Dr Abigail Moffett digs deeper

05 May 2017 | Story Chido Mbambe. Photo Supplied.
Abigail Moffett and her colleague Robert Nyamushosho from the archaeology department are among the 4 500 graduands who were capped this week.
Abigail Moffett and her colleague Robert Nyamushosho from the archaeology department are among the 4 500 graduands who were capped this week.

Dr Abigail Moffett's research for her doctoral studies in archaeology was focused on developing a greater understanding of the workings of power and economy in the precolonial past in southern Africa.

She chose to approach this through an in-depth archaeological study of a copper mine and production site located in Phalaborwa, Limpopo.

“This provided an opportunity to assess the organisation of production and the domestic and regional economy in which copper producers were working,” explains Moffett. “The implications of my research show that the organisation of economy and power in the precolonial past, particularly the period AD 1000–1300, was much more decentralised than previously envisioned.”

Communities such as the Phalaborwa copper producers across the southern African landscape had access to trade goods, locally crafted products and other items.

“This in turn has implications for how we model the development of complex states in the region,” she explains.

Her current research interests include the production, circulation and consumption of commodities in the Iron Age, crafting and cross-craft gender relationships and innovation, improvisation and technology transfer across southern Africa and the Indian Ocean network. 

I fell in love with UCT

Moffett grew up in Botswana, England and South Africa, and matriculated from St Mary's DSG in Pretoria in 2004.

“I fell in love with UCT when I visited the campus while in high school. It was such a different space from the school environment; people seemed engaged, interested to learn, aware of their place in the world and the responsibility that comes with this,” she says.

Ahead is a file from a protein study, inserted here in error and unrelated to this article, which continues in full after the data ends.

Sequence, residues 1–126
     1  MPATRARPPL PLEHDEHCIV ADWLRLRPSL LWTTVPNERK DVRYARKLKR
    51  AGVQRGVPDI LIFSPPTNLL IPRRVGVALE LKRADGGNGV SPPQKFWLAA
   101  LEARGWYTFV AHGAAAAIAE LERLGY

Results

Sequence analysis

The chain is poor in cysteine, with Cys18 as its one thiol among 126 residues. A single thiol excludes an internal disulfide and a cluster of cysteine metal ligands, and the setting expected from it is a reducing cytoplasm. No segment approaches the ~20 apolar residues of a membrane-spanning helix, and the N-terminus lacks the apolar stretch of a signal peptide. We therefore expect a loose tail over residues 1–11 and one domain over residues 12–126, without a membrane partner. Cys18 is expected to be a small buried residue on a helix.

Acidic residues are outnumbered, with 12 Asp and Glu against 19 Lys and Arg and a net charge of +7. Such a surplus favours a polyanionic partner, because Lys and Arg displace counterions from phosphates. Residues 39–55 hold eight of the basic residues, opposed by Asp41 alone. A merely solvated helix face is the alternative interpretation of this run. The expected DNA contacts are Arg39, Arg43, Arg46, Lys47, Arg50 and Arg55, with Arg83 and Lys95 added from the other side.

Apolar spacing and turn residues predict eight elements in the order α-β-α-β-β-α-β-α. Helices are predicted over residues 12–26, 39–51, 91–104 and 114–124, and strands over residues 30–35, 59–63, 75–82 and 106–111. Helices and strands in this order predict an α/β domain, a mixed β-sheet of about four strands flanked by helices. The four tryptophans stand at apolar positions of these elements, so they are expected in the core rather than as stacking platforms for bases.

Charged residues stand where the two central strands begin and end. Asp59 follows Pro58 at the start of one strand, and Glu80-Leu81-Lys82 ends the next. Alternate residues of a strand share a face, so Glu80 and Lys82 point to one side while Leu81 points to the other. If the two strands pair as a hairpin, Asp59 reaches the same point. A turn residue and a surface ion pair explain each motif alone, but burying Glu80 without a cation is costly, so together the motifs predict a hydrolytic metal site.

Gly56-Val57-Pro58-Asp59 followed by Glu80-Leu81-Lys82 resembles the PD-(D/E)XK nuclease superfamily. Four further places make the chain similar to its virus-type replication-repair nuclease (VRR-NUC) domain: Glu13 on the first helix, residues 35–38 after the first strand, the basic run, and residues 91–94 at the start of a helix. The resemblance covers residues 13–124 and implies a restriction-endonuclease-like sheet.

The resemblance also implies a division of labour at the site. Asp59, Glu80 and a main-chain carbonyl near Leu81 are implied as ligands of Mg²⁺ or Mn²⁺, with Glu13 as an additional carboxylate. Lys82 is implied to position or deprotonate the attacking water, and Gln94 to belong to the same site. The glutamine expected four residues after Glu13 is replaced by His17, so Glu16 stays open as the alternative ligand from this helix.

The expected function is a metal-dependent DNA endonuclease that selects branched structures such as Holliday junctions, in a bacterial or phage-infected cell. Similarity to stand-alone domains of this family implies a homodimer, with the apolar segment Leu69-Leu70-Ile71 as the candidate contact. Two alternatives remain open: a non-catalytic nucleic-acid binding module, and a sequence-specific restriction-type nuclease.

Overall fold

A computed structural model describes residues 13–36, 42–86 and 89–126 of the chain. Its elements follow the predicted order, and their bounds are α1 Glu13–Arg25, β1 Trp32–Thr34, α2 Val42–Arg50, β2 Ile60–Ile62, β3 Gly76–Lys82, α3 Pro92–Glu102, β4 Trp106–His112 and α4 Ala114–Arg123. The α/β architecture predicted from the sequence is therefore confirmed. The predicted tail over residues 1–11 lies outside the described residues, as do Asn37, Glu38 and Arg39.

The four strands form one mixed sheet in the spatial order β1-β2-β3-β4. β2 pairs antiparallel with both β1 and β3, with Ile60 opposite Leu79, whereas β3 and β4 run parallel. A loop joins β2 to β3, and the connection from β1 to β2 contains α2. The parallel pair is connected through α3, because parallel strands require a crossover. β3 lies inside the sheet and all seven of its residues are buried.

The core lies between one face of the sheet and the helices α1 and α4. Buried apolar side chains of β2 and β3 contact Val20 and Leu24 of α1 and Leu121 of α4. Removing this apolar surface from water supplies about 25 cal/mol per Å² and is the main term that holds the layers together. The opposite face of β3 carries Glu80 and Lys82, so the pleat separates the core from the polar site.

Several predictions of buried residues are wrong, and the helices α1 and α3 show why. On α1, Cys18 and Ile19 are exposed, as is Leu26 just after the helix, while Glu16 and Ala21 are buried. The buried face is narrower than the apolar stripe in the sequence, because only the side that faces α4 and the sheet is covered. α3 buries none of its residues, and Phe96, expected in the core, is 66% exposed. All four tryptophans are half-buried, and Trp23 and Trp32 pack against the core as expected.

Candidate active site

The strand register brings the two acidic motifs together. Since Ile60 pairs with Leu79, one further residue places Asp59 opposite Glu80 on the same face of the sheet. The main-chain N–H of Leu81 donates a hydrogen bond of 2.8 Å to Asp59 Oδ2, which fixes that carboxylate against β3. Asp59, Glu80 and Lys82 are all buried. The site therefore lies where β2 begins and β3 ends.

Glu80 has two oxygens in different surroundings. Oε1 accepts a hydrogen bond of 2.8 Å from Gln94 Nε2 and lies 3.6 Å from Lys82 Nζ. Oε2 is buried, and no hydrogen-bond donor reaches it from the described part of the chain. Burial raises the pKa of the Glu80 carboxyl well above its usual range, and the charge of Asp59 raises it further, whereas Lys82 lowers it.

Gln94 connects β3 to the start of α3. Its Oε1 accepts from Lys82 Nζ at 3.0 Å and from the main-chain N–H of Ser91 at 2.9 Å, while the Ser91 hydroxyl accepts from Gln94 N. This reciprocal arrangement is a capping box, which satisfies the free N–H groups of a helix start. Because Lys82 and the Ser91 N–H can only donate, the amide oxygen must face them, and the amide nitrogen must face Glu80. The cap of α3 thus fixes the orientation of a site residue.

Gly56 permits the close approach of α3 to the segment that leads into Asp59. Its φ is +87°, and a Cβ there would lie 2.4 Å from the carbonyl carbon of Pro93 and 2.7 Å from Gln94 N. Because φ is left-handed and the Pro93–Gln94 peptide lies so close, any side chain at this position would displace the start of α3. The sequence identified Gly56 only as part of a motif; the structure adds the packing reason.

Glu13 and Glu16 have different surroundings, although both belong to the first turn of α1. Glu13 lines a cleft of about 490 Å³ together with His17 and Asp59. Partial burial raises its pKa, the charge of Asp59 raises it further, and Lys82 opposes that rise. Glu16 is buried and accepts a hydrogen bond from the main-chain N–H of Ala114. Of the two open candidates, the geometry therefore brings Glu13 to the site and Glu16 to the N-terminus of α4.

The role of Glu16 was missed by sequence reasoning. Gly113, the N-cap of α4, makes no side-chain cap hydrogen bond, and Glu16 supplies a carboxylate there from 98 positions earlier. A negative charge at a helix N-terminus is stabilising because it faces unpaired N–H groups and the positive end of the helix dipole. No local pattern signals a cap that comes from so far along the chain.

Moffett registered for a politics, philosophy and economics degree in 2006, but after one semester and one history elective decided to change her career path.

“I fell in love with archaeology in the second semester, and the rest is history,” she says.

A number of her undergraduate courses sparked her interest in precolonial African history and archaeology.

“In particular a second-year history course, Africa before 1800, and a third-year course, Roots of black identity,” she says.

Moffett holds a BSocSc in history and archaeology and an honours degree in archaeology. In July 2011 she registered for an MPhil in archaeology and spent the first six months on an Erasmus Mundus exchange at the University of Leuven in Belgium.

She returned to continue her MPhil and after a year upgraded to a PhD in 2013. She submitted her thesis in December 2016 and graduated on 3 May 2017.

Excavating and exploring

Moffett enjoys being challenged to think critically about something, to understand the complexity of knowledge production and the contexts of its creation.

“I love excavating and exploring new sites – it inevitably leads to new ideas,” she says. “I feel extremely excited about the rich and incredible history of the past two millennia in southern Africa.”

Moffett is motivated by knowing that there is still so much research to be done in her field that needs to be put out in public spaces for others to learn.

“I sometimes struggled to self-motivate when writing became exhausting, but I always found solace in my friends in the department who would offer encouragement and motivation. No one quite understands the PhD journey like fellow PhD students,” she says.

She attributes her success to the mentors who have inspired her journey in African archaeology and history, and who shaped her career path.

“My supervisors, associate professors Shadreck Chirikure and Simon Hall, are incredibly passionate about archaeology. They have both spent long afternoons talking through ideas with me and their passion and enthusiasm for the discipline is infectious. Similarly, Shamil Jeppie and Maanda Mulaudzi from the history department were inspirational teachers.”

Pursue your passion

Moffett adds, “I always worried that I needed to find a career path that had a definitive job at the end of it, but if you are really interested in something I would argue that it is worth pursuing your passion and finding where that leads you.

 “Also, don't be afraid to ask for help or approach teachers you find inspiring. They most likely would love to talk to you and help you out.”

Moffett has registered as a postdoctoral research fellow in the Department of Archaeology, with Chirikure.

“I hope to continue to research in my field and become involved in wider collaborative research projects in southern Africa,” she says.


Read Dr Abigail Moffett's thesis:


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